Recommended by Dave Osmundsen

  • The Perfection of the Donut
    7 May. 2022
    So a Samuel D. Hunter play walks into a Taylor Mac play…

    Tucker-Meyer displays a gift for linguistic acrobatics in this charming and delightful comedy about three deeply superficial dandies and a nondescript “Dude” who taps into his inner fabulousness with their help. Unabashedly queer, open-hearted, and delectable as the most scrumptious donut, this play will make you want to be your most fabulous self.
    12 Mar. 2022
    Sickles plunges into some dark territory with this piece! Fusing both social horror (the devastating impact of society's apathy towards the death of gay man) and psychological horror (the inner workings of a sociopathic serial killer), this terrifying short play cycle explores innocence, desire, homophobia, trauma, and revenge with economic and delicately-formed language. Most effective are Ellen's monologue (a mother's desperate plea for answers) and Basyl's monologue (a chilling rumination on revenge).
  • Succulents: The Art of Adulting OR Reasons I Am A Terrible Roommate
    26 Feb. 2022
    Barsanti shows an incredible gift for creating compelling, relatable, and complex characters. She lovingly satirizes the foibles and anxieties of millennials without cruelty, and you feel so much empathy for the three friends at the center of this play. This play also makes a bold statement about the millennial need to change the world, and how efforts to ameliorate the world can prove futile—but that doesn’t mean it’s not worth trying. Part female buddy comedy, part millennial satire, and part environmental allegory, this is a rich and satisfying play that I want to see produced!
  • Family Tree
    26 Feb. 2022
    How do we move forward when the past seems to be always holding us back? How do we deal with scorched-earth family relations? Considine doesn't offer easy answers, but she does provide us with dynamic characters and relationships. Isabella's interior monologues especially are hilarious and heartbreaking.
  • Temperance in Reverse
    24 Feb. 2022
    Reminiscent of family dramas such as "Next to Normal" and "Ordinary People," this compelling and rich play explores how one family copes with a devastating and traumatic event. Their journey towards healing and reconciliation is heartfelt and realistic. Halton is a playwright who loves his characters deeply--everyone is flawed, but no one is the villain, and everyone is believable. There is also a healthy dose of humor and laugh-out-loud lines through the play.
  • That Must Be the Entrance to Heaven or, The Dawn Behind the Black Hole
    19 Feb. 2022
    Spectacular, poetic, devastating, thrilling, gut-wrenching, moving. These are only a few adjectives I can use to describe this incredible play. Centering on four boxers all fighting for their version of the American dream, this hard-hitting play asks what dreams are worth fighting, striving, and ultimately dying for. Intersecting bloodsport with cosmology, this play aims high and smashes its target. This play also contains some of my favorite monologues from any contemporary play—the poetry contained in them will stun you. Bravo!
  • The Part of Me
    19 Feb. 2022
    A dark, spirally, and heavily theatrical odyssey exploring one woman’s journey in coming to terms with her sexuality, Neurodiversity, and identity. The fantastical elements are a blast, heightening the theatricality of the play while giving you insight into the protagonist’s mental state. This isn’t always a pleasant play to read, but it will put you back together in the most satisfying manner after putting you and it’s protagonist through the ringer (and there is plenty of brilliant dark humor along the way!).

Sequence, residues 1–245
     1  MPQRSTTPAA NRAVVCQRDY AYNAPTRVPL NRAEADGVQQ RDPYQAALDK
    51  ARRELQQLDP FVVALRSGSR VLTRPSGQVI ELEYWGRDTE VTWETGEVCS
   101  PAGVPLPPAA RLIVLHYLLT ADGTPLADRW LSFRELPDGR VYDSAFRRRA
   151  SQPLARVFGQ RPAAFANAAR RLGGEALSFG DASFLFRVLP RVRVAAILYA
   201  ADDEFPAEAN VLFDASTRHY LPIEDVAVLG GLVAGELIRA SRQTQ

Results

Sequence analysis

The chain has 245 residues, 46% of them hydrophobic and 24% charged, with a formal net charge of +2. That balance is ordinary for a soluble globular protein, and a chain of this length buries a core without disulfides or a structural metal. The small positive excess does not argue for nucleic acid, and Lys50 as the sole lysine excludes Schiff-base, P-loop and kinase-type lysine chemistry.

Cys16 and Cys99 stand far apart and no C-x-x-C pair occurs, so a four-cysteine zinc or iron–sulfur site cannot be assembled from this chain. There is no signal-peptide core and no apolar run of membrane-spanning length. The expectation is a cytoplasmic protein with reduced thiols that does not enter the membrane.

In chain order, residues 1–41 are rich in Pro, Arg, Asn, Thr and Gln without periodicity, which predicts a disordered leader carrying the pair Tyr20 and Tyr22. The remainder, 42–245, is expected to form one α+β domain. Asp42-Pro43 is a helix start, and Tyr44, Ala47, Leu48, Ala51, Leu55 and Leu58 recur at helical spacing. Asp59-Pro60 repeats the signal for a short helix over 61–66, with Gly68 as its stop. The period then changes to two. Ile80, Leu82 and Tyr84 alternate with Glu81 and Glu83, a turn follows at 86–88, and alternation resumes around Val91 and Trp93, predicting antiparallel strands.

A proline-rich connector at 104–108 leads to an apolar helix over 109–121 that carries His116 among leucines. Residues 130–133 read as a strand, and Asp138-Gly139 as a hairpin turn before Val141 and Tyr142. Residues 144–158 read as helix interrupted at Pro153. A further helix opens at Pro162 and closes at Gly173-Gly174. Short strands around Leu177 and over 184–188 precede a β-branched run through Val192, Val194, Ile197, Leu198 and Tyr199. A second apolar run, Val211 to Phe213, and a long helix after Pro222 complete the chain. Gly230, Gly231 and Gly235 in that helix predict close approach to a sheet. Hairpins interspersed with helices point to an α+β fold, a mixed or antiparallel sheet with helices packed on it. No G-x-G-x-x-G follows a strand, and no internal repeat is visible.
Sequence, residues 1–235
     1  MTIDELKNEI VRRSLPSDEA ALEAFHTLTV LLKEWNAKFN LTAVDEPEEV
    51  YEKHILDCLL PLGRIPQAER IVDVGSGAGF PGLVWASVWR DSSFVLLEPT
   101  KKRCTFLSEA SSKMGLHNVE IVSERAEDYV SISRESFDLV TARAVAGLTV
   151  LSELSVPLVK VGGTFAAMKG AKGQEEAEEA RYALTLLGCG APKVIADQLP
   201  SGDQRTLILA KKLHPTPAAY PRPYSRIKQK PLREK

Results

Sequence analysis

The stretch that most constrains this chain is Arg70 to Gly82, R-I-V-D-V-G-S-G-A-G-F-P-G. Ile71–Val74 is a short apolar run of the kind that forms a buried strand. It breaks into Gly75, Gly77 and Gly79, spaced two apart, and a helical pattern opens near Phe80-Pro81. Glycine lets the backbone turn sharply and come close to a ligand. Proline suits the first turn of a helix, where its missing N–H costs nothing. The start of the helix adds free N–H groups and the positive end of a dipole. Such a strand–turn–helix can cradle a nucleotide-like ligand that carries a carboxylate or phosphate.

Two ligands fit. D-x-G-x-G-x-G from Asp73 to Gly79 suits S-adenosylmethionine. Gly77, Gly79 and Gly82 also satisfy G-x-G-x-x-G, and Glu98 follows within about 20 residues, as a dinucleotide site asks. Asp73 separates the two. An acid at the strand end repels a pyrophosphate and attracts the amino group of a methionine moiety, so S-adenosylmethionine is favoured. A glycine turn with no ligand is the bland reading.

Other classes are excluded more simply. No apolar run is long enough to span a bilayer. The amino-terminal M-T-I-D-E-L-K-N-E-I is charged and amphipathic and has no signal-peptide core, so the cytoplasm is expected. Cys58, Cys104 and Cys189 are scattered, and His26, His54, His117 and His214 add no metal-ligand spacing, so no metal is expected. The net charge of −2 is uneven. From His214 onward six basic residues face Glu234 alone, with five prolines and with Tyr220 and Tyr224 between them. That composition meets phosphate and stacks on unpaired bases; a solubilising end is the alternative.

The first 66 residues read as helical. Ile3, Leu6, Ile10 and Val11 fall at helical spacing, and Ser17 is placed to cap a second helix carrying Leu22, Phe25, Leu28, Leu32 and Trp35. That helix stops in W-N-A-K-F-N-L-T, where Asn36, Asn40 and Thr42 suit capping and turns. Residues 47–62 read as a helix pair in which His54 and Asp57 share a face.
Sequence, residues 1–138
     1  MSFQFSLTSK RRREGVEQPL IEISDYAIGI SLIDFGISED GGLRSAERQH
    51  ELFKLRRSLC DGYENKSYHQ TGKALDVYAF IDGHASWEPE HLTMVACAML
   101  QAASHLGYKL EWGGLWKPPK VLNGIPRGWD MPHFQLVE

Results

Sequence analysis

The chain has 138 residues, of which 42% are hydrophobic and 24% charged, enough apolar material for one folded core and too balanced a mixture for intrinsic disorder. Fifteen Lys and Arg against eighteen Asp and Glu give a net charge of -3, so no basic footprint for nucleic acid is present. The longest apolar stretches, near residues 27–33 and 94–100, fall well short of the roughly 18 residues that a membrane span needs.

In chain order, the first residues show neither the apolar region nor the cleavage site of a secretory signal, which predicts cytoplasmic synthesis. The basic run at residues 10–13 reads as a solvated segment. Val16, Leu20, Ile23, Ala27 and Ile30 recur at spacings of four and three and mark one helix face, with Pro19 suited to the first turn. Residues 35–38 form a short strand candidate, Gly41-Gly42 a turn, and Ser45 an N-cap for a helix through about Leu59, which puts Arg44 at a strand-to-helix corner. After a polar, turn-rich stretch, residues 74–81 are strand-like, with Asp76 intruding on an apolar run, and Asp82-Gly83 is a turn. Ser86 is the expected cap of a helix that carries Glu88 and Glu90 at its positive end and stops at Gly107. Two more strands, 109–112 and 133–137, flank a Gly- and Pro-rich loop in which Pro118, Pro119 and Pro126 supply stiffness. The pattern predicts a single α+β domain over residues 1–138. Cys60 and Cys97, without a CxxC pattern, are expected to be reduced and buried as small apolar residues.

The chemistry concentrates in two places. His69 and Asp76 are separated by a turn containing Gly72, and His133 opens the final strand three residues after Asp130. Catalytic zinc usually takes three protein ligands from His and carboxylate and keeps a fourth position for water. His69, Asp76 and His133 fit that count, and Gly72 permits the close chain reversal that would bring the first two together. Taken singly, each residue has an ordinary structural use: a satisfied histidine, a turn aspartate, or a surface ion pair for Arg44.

• Cleaning Gravestones
    19 Jan. 2022
    What a lovely, lovely play! Cathro gives us a believable father/daughter dynamic. Amanda and her father don't have a contentious relationship, exactly, but there's the question of how much they're willing to give each other, and their conversation here compellingly explores that disparity. Cathro doesn't condemn Amanda for being less giving. Much like Dad, he is very sympathetic to the child who may not be aware of how selfish she's acting. You're left with the possibility that both of these characters can learn and grow from each other, and the play ends on a hopeful note.
  • Ashes of the Revolution
    8 Jan. 2022
    Very charming, very silly, and ultimately very sweet play about two siblings who will protect each other at all costs. Bray gives a few stray clues as to what their right-wing environment is like, and it's clear how much this environment of fear and paranoia has impacted the two children. Despite this, Bray keeps the piece lighthearted, and it's easy to fall in love with these two characters. Sweet play!
  • The Bad in Each Other
    16 Nov. 2021
    A fascinating pas de deux between two characters, both of whom want justice in the world but want to achieve it in two completely different ways. Should they each stay in their lane, or be more radical in their response to social injustices? Perez skewers SJWs and sellouts alike, and portrays a couple who, as their relationship unfolds over several years, can't live with or without each other. You know that these two probably shouldn't be together, but it's devilishly fun to watch them turn on (and to (and on)) each other.